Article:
It’s very apparent in both SEO and Web design, business people seek more search traffic and greet most visitors with the same popping up message to subscribe even if they already do. As SEO gets harder and more expensive and people get increasingly annoyed with layers hiding content the focus will change to making existing clients or repeat visitors happy. Ultimately the point is to increase the lifetime customer value. A happy customer will buy again and again.
    […]

  32. […]
    For this step, you need to plug in a "profitability" computation, whether it be average value per sale, or lifetime value of a customer, or price per lead if you're doing lead gen, etc. Note that you can also leave this column blank in your projection if you don't have access to this data yet, but then you're really only forecasting for potential traffic and conversions and not overall profitability.
    […]

  33. […]
    13) Sales Value – Social Leads (Lifetime Value):

    GOAL: Grow Revenue, Generate Leads, Acquire New Customers, Retain Customers

    _____(#) qualified online social leads identified
    X _____% lead-to-customer conversion rate
    X $_____ (LTV) customer lifetime value
    __________________________________
    = $ New Customer Lifetime Sales Value
    See: How To CalculTate Customer Lifetime Value (LTV).
    […]

  34. […]
    If you don’t work for a financial institution you will find many sources of quality information on the web on this customer value, Customer Life Time Value, Customer Equity… Even Harvard Business School proposes a model with a spreadsheet down load (http://hbsp.harvard.edu/multimedia/flashtools/cltv/ ). I also recommend Strategic Planning: What’s the Lifetime Value of Your Customers? by Erica Olsen from Strategic Planning Kit For Dummies, 2nd Edition. Also check the following blog which has a great description and discussion on the subject (http://www.kaushik.net/avinash/analytics-tip-calculate-ltv-customer-lifetime-value/?replytocom=49180…).
    […]

  35. […]
    If you’re optimizing for lifetime value, instead of one-time traffic, (something that would make Avinash Kaushik’s heart swell with joy), an approach that combines both link building and understanding search visibility with content that appeals to your target market, gets influencer attention, and moves prospects further down the funnel.
    […]

  36. […]
    Think about the lifetime value of your PPC click. Do your users buy once and then bail forever, or do they come back again for the same product or something else you offer? Factor in the lifetime value of your customer, and then build that into your PPC campaign budget. Then, think about how to nurture that post-click relationship to ensure you’re maximizing value, whether it’s email offers or something else.
    […]

  37. […]
    Other great references to look at: Occam’s Razor by Avinash Kaushik
    […]

  38. […]
    Academics have been working on this kind of problem since the advent of the commercial internet – and they have had success in creating one off models for predicting everything from the final price of a product auctioned on EBay to the lifetime value of a customer based on actions and clickstream.
    […]

  39. […]
    Your calculation doesn’t have to be that complex or far-reaching and you can also find great guidance by Avinash Kaushik in his post on computing lifetime value (including an Excel file to help you make the calculations). You could even go one step further and try to quantify and incorporate the referral value of happy customers that tell their friends about you.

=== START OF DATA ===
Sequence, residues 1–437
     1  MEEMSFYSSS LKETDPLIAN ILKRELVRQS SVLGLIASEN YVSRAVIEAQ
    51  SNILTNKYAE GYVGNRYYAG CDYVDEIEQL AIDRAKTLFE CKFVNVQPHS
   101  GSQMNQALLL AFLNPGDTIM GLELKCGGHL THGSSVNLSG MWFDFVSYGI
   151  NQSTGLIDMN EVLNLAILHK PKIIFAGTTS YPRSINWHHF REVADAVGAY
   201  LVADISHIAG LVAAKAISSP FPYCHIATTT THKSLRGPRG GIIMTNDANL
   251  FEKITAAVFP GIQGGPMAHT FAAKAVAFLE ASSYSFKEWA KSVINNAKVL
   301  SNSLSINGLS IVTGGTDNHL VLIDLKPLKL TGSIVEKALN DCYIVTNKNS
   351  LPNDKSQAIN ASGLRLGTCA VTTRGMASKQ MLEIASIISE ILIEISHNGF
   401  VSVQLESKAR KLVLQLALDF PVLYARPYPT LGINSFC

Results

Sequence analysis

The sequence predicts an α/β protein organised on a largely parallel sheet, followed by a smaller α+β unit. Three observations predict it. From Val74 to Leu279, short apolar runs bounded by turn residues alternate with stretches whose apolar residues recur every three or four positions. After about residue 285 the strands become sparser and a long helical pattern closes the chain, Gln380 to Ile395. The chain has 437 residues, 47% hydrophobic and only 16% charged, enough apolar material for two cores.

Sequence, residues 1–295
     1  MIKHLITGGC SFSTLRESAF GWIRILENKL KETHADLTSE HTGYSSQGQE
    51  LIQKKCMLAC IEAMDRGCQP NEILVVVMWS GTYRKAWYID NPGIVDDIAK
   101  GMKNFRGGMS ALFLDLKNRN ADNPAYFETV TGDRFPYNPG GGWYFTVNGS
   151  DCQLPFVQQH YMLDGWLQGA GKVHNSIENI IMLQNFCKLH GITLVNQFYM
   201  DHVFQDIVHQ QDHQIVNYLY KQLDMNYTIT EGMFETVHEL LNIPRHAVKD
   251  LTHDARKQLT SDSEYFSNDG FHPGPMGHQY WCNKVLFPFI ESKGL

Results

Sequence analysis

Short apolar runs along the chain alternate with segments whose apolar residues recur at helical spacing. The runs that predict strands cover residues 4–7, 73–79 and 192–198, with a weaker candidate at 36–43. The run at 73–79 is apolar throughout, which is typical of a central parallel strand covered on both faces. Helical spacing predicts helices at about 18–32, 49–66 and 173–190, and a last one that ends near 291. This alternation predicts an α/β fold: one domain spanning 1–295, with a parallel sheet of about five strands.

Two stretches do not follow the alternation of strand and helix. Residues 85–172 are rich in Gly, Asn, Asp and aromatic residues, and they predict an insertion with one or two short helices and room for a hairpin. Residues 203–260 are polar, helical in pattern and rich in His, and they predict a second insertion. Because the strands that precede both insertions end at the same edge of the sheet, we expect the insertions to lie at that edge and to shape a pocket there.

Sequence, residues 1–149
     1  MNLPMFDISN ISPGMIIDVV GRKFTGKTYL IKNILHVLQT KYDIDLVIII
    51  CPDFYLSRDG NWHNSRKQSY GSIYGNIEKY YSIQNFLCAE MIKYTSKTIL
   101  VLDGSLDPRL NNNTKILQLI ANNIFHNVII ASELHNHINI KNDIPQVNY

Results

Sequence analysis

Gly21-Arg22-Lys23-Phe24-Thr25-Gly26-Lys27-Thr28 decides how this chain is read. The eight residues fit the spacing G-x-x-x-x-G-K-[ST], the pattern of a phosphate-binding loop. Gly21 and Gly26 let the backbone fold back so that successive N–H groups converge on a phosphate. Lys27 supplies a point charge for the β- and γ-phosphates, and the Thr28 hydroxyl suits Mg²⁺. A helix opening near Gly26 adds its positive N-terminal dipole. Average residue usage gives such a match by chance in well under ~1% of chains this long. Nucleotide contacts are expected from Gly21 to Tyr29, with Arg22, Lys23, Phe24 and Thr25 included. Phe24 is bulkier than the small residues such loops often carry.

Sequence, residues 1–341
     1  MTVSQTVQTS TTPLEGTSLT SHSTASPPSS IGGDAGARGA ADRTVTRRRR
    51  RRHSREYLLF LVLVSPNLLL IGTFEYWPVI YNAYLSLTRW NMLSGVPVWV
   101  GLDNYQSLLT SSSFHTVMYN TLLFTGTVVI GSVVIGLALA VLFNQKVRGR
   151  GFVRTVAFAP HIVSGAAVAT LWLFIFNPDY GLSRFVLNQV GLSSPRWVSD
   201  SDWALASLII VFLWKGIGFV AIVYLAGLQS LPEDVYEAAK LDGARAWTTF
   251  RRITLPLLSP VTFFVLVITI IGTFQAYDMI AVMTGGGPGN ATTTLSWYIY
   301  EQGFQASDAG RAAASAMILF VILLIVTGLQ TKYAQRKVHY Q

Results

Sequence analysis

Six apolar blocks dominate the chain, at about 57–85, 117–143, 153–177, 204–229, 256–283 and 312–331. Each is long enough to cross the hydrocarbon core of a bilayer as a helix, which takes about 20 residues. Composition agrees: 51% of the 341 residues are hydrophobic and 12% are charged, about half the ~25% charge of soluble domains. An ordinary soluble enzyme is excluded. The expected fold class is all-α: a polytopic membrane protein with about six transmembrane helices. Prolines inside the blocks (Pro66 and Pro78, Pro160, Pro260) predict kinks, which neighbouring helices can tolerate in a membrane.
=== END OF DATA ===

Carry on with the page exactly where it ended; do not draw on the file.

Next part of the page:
[…]

  40. […]
    Článek na blogu Avinashe Kaushika: Calculate Customer Lifetime Value
    […]

  41. […]
    P.S.2 Check this AMAZING post from Avinash Kaushik Analytics Tip #17: Calculate Customer Lifetime Value (LTV)
    […]

  42. […]
    Comparing a long-term customer to a short-term customer will help justify whether to build out customer acquisition strategies or procure more resources. Segment your customers by traditional downloadable, order + upsell/cross sell, subscription, and SaaS. This analysis can be applied to different acquisition channels (i.e. customer arrived to your website through an ad, organic search, backlink etc.) to get an idea of how valuable each of these dimensions are. Here’s an example similar to Avanish Kaushik’s blog (a leading industry expert):
    […]

  43. […]
    GOAL: Grow Revenue, Generate Leads, Acquire New Customers, Retain Customers
    _____(#) qualified online social leads identified
    X _____% lead-to-customer conversion rate
    X $_____ (LTV) customer lifetime value
    __________________________________
    = $ New Customer Lifetime Sales Value
    See: How To CalculTate Customer Lifetime Value (LTV).
    […]

  44. […]
    The thing is… they are wrong! And I will take advantage of their unwillingness to leverage this tactic :) . Where they are wrong is when it comes to building your own email lists and marketing to them on a continual basis. This kind of email marketing is huge when it comes to bringing repeat customers to your site and generating more revenue from them. This is also known as increasing your customer life time value (LTV).
    […]

  45. […]
    Essentially this article is about creating loyal customers who will contribute to your company, instead of hoping for many one time purchases. You want the people that keep coming back for more, year after year and they want you to continue to offer the service they initially fell in love with. Calculate Customer Lifetime Value
    […]